I’d like to juxtapose two sets of verses from the New Testament of the Bible to delineate the character of a teacher and his pupil:
Acts Chapter 5 poignantly portrays Gamaliel based on a situation where Peter and other Christians preached Jesus, thus:
34 Then stood there up one in the council, a Pharisee, named Gamaliel, a doctor of the law, had in reputation among all the people, and commanded to put the apostles forth a little space;35 And said unto them, Ye men of Israel, take heed to yourselves what ye intend to do as touching these men.36 For before these days rose up Theudas, boasting himself to be somebody; to whom a number of men, about four hundred, joined themselves: who was slain; and all, as many as obeyed him, were scattered, and brought to nought.37 After this man rose up Judas of Galilee in the days of the taxing, and drew away much people after him: he also perished; and all, even as many as obeyed him, were dispersed.38 And now I say unto you, Refrain from these men, and let them alone: for if this counsel or this work be of men, it will come to nought:39 But if it be of God, ye cannot overthrow it; lest haply ye be found even to fight against God.
At Acts 26 Paul testifies about himself thus:
9 I verily thought with myself, that I ought to do many things contrary to the name of Jesus of Nazareth.10 Which thing I also did in Jerusalem: and many of the saints did I shut up in prison, having received authority from the chief priests; and when they were put to death, I gave my voice against them.11 And I punished them oft in every synagogue, and compelled them to blaspheme; and being exceedingly mad against them, I persecuted them even unto strange cities.
So this is what Paul did, by his own admission. He persecuted the Christian believers and even went to the extent of getting them death sentence. Paul says ” he compelled them to blaspheme”!
So why did Paul do these things?
He says at Philippians 3:6 thus:
Concerning zeal, persecuting the church; touching the righteousness which is in the law, blameless.
At Acts 22:3, Dr. Luke says that Paul spoke thus:
3 I am verily a man which am a Jew, born in Tarsus, a city in Cilicia, yet brought up in this city at the feet of Gamaliel, and taught according to the perfect manner of the law of the fathers, and was zealous toward God, as ye all are this day.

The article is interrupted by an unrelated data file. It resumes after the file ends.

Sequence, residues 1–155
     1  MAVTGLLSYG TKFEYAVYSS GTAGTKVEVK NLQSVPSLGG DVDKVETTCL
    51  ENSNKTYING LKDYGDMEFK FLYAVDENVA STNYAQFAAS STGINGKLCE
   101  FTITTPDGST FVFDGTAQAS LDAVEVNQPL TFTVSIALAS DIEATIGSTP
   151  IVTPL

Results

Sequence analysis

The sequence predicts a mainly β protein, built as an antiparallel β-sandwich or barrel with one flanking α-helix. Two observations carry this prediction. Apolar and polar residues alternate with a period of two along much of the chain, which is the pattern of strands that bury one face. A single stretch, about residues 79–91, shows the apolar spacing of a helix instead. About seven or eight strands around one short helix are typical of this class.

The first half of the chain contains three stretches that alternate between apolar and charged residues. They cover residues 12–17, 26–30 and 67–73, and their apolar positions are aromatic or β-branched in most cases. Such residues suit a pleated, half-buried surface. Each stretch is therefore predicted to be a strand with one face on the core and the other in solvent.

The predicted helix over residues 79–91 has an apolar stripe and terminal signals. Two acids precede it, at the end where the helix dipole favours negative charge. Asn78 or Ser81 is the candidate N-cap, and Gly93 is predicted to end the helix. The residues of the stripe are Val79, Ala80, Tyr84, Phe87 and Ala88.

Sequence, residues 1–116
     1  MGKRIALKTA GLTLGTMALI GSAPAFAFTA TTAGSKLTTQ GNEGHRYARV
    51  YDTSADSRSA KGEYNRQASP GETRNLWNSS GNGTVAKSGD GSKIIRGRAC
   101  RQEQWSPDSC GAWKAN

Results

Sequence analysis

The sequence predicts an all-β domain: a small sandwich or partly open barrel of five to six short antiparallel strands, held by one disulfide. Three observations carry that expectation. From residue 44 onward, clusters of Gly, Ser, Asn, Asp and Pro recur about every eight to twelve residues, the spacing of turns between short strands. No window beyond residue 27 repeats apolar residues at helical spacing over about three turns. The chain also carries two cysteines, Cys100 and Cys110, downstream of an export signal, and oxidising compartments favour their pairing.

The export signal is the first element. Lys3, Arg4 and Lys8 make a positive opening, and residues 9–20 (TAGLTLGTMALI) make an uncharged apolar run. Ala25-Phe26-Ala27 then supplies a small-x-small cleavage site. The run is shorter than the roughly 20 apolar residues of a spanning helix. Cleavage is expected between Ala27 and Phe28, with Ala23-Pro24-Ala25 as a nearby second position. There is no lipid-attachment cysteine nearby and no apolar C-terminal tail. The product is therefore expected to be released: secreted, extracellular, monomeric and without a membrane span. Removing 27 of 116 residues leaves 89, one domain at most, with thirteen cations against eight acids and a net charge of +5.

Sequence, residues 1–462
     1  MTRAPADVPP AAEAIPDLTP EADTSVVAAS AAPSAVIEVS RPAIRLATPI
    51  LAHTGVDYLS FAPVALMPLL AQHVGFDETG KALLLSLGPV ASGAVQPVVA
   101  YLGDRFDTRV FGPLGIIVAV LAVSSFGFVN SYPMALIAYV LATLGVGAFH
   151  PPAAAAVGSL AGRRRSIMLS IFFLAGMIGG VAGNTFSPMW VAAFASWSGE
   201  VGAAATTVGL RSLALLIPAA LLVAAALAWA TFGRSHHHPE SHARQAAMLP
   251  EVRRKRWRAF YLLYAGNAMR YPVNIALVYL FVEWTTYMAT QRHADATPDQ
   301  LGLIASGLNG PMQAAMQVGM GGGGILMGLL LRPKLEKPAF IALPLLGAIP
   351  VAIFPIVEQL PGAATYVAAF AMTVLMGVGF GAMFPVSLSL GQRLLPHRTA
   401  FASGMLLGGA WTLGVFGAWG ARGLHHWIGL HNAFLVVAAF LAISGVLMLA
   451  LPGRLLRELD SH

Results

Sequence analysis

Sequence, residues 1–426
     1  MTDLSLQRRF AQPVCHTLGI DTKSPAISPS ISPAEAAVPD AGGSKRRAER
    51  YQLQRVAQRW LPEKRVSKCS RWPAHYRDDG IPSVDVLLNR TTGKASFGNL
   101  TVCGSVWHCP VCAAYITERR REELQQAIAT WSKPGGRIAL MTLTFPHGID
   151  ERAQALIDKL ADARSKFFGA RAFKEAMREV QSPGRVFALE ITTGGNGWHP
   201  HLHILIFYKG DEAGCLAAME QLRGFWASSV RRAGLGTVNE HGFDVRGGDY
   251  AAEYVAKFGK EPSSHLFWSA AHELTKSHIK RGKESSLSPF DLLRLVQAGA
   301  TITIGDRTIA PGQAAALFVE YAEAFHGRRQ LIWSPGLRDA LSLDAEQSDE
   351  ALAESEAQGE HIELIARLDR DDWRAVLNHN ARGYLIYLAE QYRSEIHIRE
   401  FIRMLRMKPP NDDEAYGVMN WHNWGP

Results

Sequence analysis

So Paul was brought up as a student of the same Gamaliel referred to above. Gamaliel cites two examples and arrives at the conclusion that both Theudas and Judas of Galilee had declared themselves to have been more than mere mortals, yet their end showed that they were mere mortals who had their time in the sun for a while and faded into oblivion. But at the same time Gamaliel cautions the Jews that, if what the Apostles said about Jesus were to be true, why take the unwarranted risk of opposing God?
Despite Paul having been schooled by Gamaliel, while Paul was still Saul, he did not imbibe the moderate attitude of Gamaliel.
The difference between Gamaliel was this: while Gamaliel did NOT want to be wrong; Saul believed that his belief was True and hence not only asserted his beliefs but defied anyone who went against his Pharisaical upbringing.
Saul of Tarsus wanted to find the Truth and took those beliefs to the extremes!
I believe Gamaliel was able to impart knowledge but NOT THE WISDOM, which made Saul of Tarsus do the things which he did against the Believers in Christ.
Saul had a gory past, which along with his oft repeated accomplishments as a human being, stickler to the Mosaic law, being a Roman citizen and thus entitled to certain privileges, is interspersed. Naturally he has to glorify the Grace more than Jacobean ‘Works’, along with Peter, whose imperfections are well documented.
In Christianity there is an inherent conflict between WORKS and GRACE and if one examines the putative lives of the votaries of each, the past life of each of the votaries has a significant bearing.
Had Gamaliel been converted to Christianity, as I presume there is nothing contrary to that assumption of mine from the Bible, I believe that Gamaliel would have rooted for the WORKS a trifle more than GRACE. But why Gamaliel was not the recipient of such an epiphany as Paul on his way to Damascus, depends on how virulently one takes an ideological position. In Gamaliel’s life there was Liberty, but Saul of Tarsus not only bound himself with the Mosaic law but also virulently imposed it on others and worse still inflicted punishment on those who digressed. This virulence called for course correction and the epiphany happened. Moderation is the foundation of Liberty, methinks⚖️